Location: Dawsonville, GA - 9V24+FC
Hancock County Hospital
Hancock County Hospital, known as the “Bad Debt Hospital” because of its long history of financial problems, was constructed in 1968 to serve the people of rural eastern Georgia. It was a county-run clinic that included 52 beds, an intensive care unit and an emergency room. The hospital also employed about 150 nurses, physicians and other staff. The hospital was shut down in 1974, shortly after it was opened, as a result of financial mismanagement and corruption in the county administration. The hospital reopened after several years without a decent medical facility to serve the area. However, the financial problems it had experienced quickly reappeared, and by the early 1990s, the hospital was $1 million in debt. Over the years, the staff was gradually laid off. Medicaid funding for the hospital was drastically reduced, which finally resulted in its permanent closure. Soon after it was closed, vandals broke into the abandoned facility and looted anything of value they could find, such as copper wiring to be sold as scrap. While residents of the region must now drive at least 90 minutes to the nearest hospital, the former Hancock County Hospital still stands abandoned. Fun fact: you can take a look inside through photographs reported by the Daily Mail.
Location: Sparta, GA - 453 Boland St.
There isn’t a more appropriate name for this abandoned bridge in Georgia. On the borderline between Brooks and Lowndes Counties, there is an open-spandrel arch bridge known as “Spook Bridge” that spans the Withlacoochee River. The deteriorating bridge hasn’t been used in years and is referred to as “the bridge to nowhere” as it’s situated on a section of the Old Quitman Highway that has long been closed. Numerous urban myths and tales center around Spook Bridge, where a number of murders and suicides are said to have occurred. Even though it is off-limits to visitors, trespassers have reported hearing odd noises or feeling an eerie presence. Fun fact: a feature film called “Spook Bridge” was released in 2017 that includes the actual Spook Bridge in the movie.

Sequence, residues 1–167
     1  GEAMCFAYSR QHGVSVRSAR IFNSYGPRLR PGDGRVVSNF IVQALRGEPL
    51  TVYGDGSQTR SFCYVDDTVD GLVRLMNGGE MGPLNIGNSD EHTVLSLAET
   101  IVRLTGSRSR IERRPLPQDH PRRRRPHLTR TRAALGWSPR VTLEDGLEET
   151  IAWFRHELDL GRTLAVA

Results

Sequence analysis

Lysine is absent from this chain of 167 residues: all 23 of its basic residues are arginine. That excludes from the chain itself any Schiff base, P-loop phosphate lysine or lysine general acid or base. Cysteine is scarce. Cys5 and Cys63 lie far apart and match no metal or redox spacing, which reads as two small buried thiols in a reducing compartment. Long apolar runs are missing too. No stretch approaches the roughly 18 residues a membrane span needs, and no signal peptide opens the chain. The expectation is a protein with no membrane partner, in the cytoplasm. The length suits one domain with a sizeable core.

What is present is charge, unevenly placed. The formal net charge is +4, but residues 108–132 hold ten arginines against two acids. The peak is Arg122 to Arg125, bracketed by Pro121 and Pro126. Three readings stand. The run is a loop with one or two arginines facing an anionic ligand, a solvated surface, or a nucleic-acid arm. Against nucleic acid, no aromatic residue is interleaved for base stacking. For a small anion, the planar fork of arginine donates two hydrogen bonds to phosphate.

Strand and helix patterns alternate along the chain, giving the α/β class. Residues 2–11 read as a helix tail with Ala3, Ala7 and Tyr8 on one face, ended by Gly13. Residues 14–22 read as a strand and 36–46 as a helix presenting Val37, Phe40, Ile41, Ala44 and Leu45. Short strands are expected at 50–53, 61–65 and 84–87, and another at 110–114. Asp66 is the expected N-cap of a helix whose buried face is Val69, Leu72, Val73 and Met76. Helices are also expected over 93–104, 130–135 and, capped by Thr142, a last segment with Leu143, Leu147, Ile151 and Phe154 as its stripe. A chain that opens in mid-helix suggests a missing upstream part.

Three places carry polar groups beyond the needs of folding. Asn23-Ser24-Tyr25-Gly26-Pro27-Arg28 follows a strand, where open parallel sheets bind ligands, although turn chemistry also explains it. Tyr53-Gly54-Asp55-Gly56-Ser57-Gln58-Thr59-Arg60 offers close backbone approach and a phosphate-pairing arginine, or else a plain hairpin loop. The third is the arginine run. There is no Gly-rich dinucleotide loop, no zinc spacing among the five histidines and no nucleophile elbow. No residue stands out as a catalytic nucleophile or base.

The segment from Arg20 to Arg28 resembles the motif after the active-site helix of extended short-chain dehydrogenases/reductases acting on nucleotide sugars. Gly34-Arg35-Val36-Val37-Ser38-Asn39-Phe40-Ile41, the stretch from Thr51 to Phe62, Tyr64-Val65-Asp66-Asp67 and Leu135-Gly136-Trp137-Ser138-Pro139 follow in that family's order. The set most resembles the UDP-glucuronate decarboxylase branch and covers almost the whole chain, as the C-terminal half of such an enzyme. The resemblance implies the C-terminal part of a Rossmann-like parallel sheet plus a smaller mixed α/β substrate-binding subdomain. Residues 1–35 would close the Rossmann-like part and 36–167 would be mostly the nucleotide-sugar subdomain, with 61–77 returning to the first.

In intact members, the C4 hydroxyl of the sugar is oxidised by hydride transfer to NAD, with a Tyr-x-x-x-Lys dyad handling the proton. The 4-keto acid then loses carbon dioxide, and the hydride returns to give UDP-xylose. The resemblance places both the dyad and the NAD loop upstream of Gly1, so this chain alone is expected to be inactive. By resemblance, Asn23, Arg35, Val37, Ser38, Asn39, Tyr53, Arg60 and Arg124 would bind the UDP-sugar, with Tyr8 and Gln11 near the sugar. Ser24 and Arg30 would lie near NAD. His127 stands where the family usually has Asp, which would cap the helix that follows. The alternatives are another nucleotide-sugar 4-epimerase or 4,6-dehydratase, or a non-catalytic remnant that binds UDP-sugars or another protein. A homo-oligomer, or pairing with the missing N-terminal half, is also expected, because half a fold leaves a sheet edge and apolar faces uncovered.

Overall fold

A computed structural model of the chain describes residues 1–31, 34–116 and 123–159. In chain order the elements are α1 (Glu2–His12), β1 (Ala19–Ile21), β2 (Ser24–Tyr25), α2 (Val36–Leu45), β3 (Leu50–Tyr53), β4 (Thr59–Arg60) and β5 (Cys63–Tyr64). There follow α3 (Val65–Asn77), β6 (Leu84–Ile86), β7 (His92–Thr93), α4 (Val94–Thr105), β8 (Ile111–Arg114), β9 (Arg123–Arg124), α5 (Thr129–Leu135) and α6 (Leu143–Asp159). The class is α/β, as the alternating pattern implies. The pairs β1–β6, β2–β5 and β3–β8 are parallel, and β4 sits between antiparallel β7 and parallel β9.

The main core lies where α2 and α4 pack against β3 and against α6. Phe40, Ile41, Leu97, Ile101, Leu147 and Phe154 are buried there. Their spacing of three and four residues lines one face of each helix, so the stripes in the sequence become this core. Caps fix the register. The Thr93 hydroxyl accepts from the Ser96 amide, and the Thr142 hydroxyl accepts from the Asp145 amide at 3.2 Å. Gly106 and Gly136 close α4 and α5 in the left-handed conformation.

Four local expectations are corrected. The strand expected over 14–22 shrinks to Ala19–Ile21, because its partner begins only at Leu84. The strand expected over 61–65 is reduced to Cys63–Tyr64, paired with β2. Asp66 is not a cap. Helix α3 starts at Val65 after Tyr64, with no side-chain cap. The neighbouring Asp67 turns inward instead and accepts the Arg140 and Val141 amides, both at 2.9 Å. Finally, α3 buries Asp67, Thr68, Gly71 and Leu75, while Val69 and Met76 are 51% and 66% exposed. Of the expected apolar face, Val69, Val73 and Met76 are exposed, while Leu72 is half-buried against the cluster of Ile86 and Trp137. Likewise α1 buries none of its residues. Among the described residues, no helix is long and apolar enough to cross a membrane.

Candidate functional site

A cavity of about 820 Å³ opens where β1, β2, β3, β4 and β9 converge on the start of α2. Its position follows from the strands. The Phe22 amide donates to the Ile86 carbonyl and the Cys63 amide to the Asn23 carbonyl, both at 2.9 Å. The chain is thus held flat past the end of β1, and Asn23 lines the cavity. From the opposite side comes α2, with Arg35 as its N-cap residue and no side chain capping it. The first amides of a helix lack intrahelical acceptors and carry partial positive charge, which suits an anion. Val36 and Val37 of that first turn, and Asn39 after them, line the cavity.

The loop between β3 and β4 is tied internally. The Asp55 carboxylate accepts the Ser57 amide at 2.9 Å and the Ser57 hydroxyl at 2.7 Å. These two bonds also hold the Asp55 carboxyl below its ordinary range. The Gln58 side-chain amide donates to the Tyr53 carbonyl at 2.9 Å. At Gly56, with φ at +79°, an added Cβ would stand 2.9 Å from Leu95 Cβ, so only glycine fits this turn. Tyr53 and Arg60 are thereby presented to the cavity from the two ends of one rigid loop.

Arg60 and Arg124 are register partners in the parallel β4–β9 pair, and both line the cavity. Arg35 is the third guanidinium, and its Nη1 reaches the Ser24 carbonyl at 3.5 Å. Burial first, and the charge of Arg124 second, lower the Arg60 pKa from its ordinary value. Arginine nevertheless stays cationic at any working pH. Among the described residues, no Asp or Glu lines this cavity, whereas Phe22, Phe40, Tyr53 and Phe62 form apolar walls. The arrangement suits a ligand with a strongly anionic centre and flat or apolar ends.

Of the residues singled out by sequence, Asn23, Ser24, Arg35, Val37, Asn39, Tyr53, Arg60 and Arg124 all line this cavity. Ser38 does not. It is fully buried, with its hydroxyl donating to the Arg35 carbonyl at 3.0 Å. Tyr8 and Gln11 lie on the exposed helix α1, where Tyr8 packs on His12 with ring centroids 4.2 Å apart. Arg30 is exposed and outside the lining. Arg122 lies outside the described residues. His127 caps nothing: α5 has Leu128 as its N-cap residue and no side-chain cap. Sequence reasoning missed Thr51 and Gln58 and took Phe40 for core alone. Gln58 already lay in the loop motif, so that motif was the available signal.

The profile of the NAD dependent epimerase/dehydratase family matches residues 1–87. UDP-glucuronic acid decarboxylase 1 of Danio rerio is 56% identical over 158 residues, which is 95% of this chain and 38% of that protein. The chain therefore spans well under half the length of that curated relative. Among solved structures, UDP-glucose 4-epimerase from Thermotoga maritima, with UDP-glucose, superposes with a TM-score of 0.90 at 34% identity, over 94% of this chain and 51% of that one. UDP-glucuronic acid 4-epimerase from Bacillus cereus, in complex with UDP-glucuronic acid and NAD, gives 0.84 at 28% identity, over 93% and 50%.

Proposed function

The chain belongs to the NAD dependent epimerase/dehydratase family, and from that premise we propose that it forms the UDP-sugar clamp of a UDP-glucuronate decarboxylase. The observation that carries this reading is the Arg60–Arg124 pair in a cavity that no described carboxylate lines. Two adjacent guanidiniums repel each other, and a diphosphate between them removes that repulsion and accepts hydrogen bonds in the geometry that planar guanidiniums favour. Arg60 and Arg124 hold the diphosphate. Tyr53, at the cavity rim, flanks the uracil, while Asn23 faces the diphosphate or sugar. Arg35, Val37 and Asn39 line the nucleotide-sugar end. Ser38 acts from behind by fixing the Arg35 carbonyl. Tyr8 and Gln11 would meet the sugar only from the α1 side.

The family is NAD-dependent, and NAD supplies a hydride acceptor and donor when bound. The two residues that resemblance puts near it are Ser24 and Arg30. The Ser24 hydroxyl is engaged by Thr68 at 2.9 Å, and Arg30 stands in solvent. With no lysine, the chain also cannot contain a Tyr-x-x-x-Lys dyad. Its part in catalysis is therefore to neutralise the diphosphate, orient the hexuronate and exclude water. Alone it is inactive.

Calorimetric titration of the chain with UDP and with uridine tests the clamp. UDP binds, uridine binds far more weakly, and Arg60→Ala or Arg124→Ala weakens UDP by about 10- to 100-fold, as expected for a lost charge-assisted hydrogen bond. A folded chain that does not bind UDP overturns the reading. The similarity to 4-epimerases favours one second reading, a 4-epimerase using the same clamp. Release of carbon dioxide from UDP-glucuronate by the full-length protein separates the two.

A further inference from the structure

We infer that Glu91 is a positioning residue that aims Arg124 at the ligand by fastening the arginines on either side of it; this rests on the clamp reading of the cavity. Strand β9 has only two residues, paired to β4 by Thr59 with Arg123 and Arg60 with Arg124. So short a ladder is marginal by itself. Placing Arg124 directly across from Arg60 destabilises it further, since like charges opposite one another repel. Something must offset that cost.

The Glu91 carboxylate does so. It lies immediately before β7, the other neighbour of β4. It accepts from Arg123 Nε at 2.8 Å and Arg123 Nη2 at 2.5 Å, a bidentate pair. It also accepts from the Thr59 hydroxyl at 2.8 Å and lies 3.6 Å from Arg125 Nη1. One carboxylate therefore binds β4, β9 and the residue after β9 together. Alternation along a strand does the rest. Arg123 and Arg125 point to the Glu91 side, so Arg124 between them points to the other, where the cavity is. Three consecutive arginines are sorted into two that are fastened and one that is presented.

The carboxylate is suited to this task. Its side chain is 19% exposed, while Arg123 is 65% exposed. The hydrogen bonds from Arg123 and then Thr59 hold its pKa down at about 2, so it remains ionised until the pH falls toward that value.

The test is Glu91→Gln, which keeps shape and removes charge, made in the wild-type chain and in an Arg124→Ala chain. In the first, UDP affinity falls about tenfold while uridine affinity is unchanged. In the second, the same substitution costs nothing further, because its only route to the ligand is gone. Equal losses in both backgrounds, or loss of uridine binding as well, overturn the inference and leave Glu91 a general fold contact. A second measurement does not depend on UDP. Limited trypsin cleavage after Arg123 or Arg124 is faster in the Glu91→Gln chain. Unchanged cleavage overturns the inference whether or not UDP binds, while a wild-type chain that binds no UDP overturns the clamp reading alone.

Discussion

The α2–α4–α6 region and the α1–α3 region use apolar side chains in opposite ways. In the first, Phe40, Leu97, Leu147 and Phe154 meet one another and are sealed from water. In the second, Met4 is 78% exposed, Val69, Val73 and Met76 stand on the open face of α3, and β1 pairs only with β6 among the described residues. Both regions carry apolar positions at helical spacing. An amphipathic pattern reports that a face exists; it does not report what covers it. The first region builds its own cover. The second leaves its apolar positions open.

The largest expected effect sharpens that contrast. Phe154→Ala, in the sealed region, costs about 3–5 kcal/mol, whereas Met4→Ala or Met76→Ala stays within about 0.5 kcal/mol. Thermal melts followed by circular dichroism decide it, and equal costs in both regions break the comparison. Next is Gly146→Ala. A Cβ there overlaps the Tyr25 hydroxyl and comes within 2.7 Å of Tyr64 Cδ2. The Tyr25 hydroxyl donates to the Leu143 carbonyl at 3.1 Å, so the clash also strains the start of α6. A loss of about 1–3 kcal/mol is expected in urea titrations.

Location: Brooks County/Lowndes County, GA - 958-924 Old Quitman Hwy.
Alonzo Herndon Stadium
The 15,000-seat Alonzo Herndon Stadium, which played a prominent part in the 1996 Atlanta Olympics, is now a deteriorated site on the Morris Brown College campus. This two-sided stadium served as the venue for the Georgia Mustangs, the former WUSA women’s soccer team Atlanta Beat, as well as the field hockey games at the 1996 Summer Olympics. The stadium was also used as a filming location for the 2006 film, “We Are Marshall.” Due to financial hardships, the university was unable to maintain the building, and once regular play on its field was discontinued. These days, the concrete bleachers are broken and falling apart, the interior hallways are defaced with graffiti and cluttered with litter and the field is overrun with weeds.
Location: Atlanta, GA - 631 M.L.K. Jr Dr SW